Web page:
Open Access

Forced sterilization of women as discrimination

Public Health Reviews201738:15

https://doi.org/10.1186/s40985-017-0060-9

Received: 12 March 2017

Accepted: 27 June 2017

Published: 14 July 2017

Abstract

There has been a long history of subjecting marginalized women to forced and coerced sterilization. In recent years, the practice has been documented in countries in North and South America, Europe, Asia, and Africa. It has targeted women who are ethnic and racial minorities, women with disabilities, women living with HIV, and poor women.

A handful of courts have issued decisions on the recent forced sterilization of marginalized women finding that such actions violate the women’s rights. However, they have all failed to address the women’s claims of discrimination. The failure to acknowledge that forced sterilization is at its core a violation of the prohibition of discrimination undermines efforts to eradicate the practice. It further fails to recognize that coerced and forced sterilization fundamentally seeks to deny women deemed as “unworthy” the ability to procreate.

Four key principles outlined in the human rights in patient care framework highlight the importance of a finding that the prohibition of discrimination was violated in cases of forced sterilization: the need to highlight the vulnerability of marginalized populations to discrimination in health care settings; the importance of the rights of medical providers; the role of the state in addressing systemic human rights violations in health care settings; and the application of human rights to patient care.

Based on these principles, it is clear that finding a violation of the prohibition of discrimination in forced sterilization cases is critical in addressing the systemic nature of the practice, acknowledging the marginalization of specific groups and effectively ending forced sterilization through addressing the underlying purpose of the practice. If litigators, non-governmental organizations and judicial officers are mindful of these principles when dealing with cases of forced sterilization, it is likely that they will be better able to eradicate forced sterilization.

Keywords

Sexual and reproductive rights Sterilization Women’s rights Discrimination Human rights Patient care Human rights in patient care

Background

There has been a long history of forced and coerced sterilization of women throughout the world. The practice targets marginalized populations, including people diagnosed with a mental illness or disabled persons, racial minorities, poor women, and people living with specific illnesses, such as epilepsy.1 Throughout the early 20th century, countries passed laws authorizing the coerced or forced sterilization of those they believed should not be permitted to procreate. In the USA, more than half of the 50 states passed laws permitting the sterilization of people diagnosed with a mental illness and disabled persons, criminals, persons with specific physical illnesses, such as epilepsy, Native Americans, and African-Americans [1]. From the 1930s through the 1980s, Japan, Canada, Sweden, Australia, Norway, Finland, Estonia, Slovakia, Switzerland, and Iceland all enacted laws providing for the coerced or forced sterilization of mentally disabled persons, racial minorities, alcoholics, and people with specific illnesses [2].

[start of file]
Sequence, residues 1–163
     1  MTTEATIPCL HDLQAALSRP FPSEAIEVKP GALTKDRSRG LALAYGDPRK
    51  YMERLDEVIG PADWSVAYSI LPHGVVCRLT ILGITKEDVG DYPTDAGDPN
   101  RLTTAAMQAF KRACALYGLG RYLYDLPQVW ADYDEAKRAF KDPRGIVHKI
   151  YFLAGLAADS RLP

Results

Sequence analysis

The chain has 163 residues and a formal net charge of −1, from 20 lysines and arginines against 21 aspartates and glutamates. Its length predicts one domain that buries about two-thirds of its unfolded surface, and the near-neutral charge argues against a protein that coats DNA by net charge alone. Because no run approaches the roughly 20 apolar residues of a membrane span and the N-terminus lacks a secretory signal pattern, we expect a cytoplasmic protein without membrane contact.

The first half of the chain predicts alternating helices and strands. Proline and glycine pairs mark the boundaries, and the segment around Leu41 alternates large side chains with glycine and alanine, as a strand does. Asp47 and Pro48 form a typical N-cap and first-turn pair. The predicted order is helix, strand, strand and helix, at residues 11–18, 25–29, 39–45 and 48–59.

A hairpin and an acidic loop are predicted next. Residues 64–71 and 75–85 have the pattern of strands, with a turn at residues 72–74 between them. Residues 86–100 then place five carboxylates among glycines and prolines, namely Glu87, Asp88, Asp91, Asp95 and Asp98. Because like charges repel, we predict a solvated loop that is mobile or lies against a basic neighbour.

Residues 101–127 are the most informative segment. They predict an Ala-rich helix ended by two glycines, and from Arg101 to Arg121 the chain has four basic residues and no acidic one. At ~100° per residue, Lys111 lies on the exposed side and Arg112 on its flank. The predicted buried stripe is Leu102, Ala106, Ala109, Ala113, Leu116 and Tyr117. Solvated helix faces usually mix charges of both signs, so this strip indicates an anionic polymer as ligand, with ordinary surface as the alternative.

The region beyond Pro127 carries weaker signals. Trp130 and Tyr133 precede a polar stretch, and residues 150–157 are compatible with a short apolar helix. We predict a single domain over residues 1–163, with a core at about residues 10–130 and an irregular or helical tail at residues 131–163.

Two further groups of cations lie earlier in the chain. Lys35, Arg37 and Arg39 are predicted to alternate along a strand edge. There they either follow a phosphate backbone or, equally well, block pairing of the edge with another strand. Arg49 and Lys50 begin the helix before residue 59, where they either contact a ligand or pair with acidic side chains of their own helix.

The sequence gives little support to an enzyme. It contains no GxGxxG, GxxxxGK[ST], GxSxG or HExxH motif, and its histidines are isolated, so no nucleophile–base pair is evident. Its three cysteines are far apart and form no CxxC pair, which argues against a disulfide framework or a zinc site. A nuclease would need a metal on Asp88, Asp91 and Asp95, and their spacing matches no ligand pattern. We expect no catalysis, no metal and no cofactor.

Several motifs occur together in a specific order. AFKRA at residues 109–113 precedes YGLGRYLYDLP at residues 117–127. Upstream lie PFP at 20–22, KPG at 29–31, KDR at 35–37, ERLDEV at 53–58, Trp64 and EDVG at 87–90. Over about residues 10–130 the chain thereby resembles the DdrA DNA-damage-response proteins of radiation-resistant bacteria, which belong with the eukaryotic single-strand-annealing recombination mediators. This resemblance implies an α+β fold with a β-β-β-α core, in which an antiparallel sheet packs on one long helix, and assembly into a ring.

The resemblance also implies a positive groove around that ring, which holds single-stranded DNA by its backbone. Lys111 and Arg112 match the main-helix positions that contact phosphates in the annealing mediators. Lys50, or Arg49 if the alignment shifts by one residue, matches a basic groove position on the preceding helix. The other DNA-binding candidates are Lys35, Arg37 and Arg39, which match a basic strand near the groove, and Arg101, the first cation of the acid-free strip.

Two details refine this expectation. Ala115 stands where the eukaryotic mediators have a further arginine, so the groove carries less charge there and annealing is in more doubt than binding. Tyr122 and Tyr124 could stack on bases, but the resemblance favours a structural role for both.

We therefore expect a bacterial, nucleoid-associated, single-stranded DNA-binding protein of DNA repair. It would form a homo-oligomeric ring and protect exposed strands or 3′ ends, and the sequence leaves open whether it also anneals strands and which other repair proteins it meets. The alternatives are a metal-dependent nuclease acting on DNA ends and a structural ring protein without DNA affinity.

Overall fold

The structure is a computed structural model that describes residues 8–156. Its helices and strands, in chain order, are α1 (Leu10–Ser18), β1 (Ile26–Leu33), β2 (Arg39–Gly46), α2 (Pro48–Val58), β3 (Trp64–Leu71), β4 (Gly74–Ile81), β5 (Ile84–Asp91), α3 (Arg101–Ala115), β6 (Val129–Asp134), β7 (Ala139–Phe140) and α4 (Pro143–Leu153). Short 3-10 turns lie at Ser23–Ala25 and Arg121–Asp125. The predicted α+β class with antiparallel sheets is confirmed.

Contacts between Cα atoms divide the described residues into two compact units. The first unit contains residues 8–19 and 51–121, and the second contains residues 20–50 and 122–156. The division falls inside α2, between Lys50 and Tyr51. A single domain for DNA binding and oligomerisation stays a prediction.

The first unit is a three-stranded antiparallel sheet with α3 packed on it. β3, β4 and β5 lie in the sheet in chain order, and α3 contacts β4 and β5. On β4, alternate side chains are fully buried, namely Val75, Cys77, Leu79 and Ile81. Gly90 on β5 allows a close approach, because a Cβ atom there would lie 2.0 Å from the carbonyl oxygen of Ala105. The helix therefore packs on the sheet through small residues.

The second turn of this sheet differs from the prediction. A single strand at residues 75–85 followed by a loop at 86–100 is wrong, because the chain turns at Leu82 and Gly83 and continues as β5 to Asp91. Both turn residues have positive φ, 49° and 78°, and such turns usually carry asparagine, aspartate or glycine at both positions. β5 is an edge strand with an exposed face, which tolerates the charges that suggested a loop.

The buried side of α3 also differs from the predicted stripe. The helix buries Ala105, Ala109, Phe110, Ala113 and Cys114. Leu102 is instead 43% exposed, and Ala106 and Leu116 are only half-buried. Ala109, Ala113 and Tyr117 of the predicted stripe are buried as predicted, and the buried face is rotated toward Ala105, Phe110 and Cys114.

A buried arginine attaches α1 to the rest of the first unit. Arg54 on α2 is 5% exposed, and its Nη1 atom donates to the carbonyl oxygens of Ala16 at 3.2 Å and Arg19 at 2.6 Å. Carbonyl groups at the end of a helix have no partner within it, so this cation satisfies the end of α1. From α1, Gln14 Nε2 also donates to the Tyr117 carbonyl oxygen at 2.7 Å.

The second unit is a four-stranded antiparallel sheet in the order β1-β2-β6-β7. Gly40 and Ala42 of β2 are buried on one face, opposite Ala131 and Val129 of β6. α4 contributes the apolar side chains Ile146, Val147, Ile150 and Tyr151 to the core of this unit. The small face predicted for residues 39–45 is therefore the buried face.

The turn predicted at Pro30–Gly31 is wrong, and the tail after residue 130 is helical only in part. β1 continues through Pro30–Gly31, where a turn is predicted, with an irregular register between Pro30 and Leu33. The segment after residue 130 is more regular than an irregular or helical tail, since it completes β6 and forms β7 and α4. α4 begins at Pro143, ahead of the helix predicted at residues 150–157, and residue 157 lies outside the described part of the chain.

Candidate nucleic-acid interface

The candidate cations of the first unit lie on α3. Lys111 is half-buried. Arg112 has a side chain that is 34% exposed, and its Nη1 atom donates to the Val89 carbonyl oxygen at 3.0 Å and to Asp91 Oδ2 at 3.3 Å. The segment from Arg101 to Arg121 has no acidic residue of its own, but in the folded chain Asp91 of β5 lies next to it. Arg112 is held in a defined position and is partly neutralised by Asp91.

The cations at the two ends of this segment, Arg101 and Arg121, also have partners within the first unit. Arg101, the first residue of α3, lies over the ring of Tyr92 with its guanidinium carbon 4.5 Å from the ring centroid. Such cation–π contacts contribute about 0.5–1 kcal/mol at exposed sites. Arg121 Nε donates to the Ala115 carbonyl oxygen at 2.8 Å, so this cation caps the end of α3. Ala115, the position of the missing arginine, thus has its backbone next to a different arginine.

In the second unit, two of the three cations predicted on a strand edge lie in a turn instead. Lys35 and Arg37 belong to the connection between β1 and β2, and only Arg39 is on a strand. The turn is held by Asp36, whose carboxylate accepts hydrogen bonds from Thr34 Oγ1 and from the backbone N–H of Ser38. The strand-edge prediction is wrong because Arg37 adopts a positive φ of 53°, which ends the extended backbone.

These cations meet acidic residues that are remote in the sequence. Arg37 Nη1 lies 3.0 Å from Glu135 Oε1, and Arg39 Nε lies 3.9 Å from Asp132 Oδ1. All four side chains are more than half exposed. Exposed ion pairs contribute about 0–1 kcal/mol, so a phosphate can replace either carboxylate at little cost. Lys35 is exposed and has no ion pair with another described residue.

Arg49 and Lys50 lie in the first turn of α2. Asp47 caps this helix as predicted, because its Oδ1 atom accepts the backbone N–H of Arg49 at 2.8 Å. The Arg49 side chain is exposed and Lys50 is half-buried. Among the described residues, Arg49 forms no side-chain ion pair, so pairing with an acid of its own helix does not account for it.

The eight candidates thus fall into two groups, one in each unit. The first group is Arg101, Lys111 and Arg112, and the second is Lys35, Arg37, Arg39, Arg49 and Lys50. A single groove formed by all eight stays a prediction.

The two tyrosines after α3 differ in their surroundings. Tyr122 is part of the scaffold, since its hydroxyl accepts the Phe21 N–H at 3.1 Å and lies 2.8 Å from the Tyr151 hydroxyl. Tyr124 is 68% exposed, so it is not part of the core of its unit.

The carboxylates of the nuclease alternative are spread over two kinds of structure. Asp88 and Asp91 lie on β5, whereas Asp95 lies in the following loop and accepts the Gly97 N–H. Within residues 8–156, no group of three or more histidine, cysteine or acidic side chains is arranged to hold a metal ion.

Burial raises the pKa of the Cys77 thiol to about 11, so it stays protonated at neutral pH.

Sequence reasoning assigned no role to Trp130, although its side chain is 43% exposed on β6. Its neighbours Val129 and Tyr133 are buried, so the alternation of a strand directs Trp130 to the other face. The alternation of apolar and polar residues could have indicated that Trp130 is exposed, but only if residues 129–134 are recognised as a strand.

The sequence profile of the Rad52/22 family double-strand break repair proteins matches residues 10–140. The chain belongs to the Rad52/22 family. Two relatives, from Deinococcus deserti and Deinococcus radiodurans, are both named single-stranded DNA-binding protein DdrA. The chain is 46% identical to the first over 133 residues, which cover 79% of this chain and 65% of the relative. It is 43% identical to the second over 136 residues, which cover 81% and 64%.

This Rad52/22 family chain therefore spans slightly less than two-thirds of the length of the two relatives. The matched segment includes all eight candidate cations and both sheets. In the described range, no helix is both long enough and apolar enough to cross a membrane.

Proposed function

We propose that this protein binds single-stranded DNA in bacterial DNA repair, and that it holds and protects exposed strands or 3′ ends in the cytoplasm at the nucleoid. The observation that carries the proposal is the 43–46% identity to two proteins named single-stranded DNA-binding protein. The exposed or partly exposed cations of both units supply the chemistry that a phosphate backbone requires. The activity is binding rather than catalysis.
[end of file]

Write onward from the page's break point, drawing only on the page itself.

More recently, forced and coerced sterilization against marginalized women has been documented in countries in North and South America, Europe, Asia, and Africa, including Chile, Czech Republic, Dominican Republic, Hungary, India, Kenya, Mexico, Namibia, Slovakia, South Africa, Swaziland, USA, Uzbekistan, and Venezuela [3].

The recent cases of forced and coerced sterilization target women living with HIV, women who are ethnic and racial minorities, women with disabilities, and poor women, among others [3]. The force or coercion has primarily taken the following forms [35]:
  • The women’s consent was obtained under duress. In such cases, women are asked to sign consent forms while in labour or on their way to the operating theatre or are told or given the impression that to obtain another medical procedure, such as an abortion or caesarian section, they had to consent to sterilization.

  • The consent was invalid because women were asked to sign a consent form for sterilization without being provided with full and accurate information regarding the sterilization procedure.

  • The women’s consent was not obtained. In such cases, women have never been asked if they want to be sterilized but are informed of their sterilization after having undergone a cesarean section. In some instances, women are unaware they have been sterilized until they try to access contraceptives and are then informed that they have been sterilized.